If convicted, Chauvin faces up to 25 years behind bars for third-degree murder and a maximum of 10 years for second-degree manslaughter.

According to the Hennepin County medical examiner’s preliminary autopsy report, there was no evidence of “traumatic asphyxia or strangulation.” Floyd’s underlying health issues, combined with any potential substances in his body and the police restraints, all combined to cause his death.

Chauvin and three additional officers had detained Floyd after he allegedly spent counterfeit money at a nearby convenience store. The criminal complaint states that for a total of 8 minutes and 46 seconds, Chauvin kept his knee on Floyd’s neck. For 2 minutes and 53 seconds of that, Floyd was unresponsive.

After days of protests and riots in reaction to the incident, with the participants begging for just for Floyd, Gov. Tim Walz is pleading for order and peace.

Also today CNN correspondent Omar Jimenez, producer Bill Kirkos, and photojournalist Leonel Mendez were all arrested on air during a live broadcast while clearly stating they were journalists. They have been released, but the Minnesota State Police said they had to have their identities as journalists confirmed.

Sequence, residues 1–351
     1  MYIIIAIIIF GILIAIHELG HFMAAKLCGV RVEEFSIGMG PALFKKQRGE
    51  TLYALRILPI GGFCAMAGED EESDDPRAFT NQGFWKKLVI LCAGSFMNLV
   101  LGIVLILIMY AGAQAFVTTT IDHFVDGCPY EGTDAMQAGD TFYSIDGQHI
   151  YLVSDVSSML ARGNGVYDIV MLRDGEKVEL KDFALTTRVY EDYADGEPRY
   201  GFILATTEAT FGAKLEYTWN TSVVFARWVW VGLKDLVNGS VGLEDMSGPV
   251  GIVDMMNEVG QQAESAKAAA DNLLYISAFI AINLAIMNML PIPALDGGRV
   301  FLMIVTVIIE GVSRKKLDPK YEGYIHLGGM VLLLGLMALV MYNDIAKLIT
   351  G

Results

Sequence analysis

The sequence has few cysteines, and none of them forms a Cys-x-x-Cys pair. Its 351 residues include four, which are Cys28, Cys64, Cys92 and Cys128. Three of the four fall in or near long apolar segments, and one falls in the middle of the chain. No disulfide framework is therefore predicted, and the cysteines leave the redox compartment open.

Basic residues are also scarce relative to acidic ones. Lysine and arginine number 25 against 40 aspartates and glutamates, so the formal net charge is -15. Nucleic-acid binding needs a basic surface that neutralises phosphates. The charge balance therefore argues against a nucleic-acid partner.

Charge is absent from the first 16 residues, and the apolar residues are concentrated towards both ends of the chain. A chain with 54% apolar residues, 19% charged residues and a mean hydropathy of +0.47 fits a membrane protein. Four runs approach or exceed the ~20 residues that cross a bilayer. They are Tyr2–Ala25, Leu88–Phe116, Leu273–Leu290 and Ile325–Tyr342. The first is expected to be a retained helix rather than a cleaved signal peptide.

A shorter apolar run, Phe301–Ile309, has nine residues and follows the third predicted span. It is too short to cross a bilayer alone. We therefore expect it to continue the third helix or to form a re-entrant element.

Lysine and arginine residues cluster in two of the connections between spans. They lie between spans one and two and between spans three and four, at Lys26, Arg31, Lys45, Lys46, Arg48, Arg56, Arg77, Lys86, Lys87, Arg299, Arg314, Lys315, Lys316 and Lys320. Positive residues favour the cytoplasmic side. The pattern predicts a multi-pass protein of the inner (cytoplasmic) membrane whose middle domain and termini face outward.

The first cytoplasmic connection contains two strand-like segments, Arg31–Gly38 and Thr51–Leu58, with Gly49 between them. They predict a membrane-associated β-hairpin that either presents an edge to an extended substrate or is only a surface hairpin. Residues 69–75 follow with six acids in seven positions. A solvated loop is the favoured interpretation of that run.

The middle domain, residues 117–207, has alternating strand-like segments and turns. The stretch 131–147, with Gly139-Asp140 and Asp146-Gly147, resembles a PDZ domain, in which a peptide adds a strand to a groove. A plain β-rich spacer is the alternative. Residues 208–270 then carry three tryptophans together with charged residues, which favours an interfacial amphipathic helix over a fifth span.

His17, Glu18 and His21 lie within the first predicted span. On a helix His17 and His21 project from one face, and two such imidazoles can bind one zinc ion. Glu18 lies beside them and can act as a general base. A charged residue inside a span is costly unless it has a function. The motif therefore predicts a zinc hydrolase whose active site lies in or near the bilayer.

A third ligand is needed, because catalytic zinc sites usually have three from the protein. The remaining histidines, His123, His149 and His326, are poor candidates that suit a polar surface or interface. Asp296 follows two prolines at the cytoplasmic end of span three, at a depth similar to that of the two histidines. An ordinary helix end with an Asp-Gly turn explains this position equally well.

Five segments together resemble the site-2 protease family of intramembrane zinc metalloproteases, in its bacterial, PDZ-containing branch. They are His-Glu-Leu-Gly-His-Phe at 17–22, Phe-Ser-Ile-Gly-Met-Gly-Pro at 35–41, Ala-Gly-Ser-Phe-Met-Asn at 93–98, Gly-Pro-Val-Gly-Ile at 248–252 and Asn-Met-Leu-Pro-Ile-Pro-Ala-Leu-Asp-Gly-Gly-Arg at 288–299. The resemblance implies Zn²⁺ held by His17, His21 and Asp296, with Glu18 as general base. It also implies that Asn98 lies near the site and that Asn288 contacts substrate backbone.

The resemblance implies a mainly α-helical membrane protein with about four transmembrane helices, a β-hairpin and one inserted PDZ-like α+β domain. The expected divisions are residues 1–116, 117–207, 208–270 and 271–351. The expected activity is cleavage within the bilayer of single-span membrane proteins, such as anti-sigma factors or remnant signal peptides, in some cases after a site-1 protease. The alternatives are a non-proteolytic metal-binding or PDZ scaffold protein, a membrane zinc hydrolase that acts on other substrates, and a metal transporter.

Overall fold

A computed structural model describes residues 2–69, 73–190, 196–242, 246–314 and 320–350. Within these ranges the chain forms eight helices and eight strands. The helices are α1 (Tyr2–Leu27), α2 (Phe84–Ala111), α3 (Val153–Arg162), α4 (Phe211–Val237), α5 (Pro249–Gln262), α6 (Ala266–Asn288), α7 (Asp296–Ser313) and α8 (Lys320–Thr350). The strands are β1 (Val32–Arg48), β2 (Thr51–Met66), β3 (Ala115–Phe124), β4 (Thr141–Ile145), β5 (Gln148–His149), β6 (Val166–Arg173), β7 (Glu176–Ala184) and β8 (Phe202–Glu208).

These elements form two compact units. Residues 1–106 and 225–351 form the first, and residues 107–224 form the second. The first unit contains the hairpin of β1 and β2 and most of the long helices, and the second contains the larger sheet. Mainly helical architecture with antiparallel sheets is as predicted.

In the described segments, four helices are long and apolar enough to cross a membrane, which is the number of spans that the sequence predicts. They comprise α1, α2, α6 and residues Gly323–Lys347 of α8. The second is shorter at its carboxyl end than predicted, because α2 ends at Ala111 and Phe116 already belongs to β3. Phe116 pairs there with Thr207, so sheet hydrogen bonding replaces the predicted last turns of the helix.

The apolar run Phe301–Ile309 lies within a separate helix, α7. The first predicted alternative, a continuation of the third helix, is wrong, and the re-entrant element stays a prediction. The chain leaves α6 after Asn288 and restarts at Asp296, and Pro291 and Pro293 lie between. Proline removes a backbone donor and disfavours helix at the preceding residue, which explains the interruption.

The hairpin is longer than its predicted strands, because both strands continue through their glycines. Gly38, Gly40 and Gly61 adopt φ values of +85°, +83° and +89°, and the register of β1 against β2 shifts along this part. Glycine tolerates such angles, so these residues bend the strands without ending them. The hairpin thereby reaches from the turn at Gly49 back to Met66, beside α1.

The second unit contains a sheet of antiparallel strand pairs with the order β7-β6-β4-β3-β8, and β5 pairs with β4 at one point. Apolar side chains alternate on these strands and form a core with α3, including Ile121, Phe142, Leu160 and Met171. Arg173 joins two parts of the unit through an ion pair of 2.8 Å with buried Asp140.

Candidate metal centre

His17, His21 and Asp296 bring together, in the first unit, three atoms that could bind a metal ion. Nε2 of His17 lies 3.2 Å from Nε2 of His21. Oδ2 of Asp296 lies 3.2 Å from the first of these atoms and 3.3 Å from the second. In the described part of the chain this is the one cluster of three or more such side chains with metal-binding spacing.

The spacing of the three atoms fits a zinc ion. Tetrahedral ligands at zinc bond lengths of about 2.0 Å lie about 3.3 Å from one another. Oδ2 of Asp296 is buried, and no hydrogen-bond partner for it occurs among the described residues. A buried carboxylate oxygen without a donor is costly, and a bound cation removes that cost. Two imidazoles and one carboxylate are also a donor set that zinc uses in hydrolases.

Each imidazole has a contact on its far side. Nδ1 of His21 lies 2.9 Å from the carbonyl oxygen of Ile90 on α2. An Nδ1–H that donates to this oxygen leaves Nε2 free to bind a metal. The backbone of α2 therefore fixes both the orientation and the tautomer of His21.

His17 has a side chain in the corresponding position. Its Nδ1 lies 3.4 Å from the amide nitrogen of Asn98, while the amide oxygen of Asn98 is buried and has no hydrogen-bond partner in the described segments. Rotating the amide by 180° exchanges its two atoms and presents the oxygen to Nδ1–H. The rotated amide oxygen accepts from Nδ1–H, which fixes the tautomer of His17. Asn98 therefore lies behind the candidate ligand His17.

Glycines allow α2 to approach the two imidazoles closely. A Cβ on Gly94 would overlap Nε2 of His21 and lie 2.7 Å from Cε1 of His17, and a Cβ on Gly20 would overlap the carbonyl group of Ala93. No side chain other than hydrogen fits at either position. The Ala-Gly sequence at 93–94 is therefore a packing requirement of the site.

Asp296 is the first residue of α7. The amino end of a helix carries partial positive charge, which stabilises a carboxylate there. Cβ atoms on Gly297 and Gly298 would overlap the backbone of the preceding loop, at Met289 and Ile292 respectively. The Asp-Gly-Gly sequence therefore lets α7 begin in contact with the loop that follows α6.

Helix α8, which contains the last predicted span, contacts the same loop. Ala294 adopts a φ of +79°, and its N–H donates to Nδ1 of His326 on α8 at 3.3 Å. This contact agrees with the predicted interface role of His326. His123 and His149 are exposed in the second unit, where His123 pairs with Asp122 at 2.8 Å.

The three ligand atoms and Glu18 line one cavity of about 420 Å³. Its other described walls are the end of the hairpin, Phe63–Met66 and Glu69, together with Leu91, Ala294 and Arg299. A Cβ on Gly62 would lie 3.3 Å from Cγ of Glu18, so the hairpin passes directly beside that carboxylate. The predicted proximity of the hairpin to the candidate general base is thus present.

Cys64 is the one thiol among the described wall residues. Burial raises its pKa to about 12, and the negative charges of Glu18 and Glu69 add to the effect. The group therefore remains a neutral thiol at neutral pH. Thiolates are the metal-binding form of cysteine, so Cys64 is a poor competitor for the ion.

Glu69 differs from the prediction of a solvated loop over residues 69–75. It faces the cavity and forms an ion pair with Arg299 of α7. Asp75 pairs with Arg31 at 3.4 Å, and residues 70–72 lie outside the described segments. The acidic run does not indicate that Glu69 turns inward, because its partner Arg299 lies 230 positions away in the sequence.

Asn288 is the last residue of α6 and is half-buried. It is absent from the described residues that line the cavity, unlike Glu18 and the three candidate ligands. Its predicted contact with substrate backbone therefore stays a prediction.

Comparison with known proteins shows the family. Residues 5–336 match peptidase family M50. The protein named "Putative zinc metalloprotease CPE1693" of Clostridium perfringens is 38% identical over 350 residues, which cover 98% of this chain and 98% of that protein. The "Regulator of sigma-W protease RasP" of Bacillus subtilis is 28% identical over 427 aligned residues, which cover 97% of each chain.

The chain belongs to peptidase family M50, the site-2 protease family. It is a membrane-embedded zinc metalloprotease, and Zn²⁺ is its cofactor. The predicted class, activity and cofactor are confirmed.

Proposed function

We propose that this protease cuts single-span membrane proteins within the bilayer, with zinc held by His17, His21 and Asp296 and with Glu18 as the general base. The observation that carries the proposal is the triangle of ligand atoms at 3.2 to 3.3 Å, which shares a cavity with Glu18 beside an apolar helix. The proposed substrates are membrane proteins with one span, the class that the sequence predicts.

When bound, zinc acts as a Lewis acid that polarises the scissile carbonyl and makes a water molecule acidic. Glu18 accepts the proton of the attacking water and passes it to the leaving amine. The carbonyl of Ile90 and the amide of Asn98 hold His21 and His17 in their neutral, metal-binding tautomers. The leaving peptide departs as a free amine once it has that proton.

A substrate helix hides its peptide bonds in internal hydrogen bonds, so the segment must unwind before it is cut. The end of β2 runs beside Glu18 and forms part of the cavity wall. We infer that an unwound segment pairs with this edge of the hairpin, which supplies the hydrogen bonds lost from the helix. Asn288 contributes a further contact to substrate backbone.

To help quell the protests, over 500 members of the MN National Guard were mobilized to several locations throughout the area. Minneapolis Mayor Jacob Frey condemned the violence, saying looting and rioting are unacceptable and will not be tolerated.

The outrage caused by Floyd’s death is also national, with demonstrations taking place in Ohio, New York, Denver, Phoenix, and Memphis.

President Donald Trump condemned the riots on Twitter, adding: “When the looting starts, the shooting starts.” Twitter, meanwhile, continued its PSAs on the president’s often inaccurate tweets, adding a warning label on one in particular because it “glorifies violence.”

2) Trump announced today his administration is ending America’s longstanding relationship with the World Health Organization due to its handling of the global novel coronavirus pandemic. The president reiterated his claims that the WHO has not been transparent about its relationship with China.

This has been a long time coming. Last month, Trump announced he would withhold funds from the WHO, even though most of that money is appropriated by Congress. House Speaker Nancy Pelosi called these threats not only dangerous, but also illegal.

The president also attacked Chinese officials, stating they ignored the obligation they had to report to the WHO about the initial COVID outbreak in Wuhan. To be clear, the WHO has no authority to compel or force any government to report any medical information or to allow them access to any medical or research facility.